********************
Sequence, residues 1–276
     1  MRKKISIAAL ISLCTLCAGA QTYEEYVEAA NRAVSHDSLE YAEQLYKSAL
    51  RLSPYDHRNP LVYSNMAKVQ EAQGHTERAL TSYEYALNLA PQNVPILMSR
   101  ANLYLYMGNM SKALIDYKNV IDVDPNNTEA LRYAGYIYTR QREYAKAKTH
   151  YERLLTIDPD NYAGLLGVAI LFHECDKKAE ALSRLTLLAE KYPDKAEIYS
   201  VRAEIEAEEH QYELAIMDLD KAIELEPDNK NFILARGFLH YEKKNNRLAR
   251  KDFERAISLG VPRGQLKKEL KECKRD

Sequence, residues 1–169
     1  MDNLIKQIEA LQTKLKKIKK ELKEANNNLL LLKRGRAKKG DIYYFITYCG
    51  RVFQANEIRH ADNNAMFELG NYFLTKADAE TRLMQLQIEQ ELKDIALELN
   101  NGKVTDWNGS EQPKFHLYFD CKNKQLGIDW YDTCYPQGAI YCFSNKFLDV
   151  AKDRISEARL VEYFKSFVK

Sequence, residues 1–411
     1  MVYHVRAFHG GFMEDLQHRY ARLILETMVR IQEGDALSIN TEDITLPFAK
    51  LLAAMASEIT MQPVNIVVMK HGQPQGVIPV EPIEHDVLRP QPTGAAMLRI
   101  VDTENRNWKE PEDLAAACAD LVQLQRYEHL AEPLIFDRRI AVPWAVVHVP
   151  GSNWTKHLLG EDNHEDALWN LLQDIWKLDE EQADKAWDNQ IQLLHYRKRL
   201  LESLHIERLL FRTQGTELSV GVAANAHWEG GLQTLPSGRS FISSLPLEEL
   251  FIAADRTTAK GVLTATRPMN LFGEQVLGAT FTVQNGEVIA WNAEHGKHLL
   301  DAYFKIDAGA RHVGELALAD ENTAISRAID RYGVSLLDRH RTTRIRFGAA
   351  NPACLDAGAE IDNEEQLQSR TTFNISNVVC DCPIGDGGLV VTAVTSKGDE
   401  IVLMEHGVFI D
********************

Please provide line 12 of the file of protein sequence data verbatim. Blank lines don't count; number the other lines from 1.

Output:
   151  AKDRISEARL VEYFKSFVK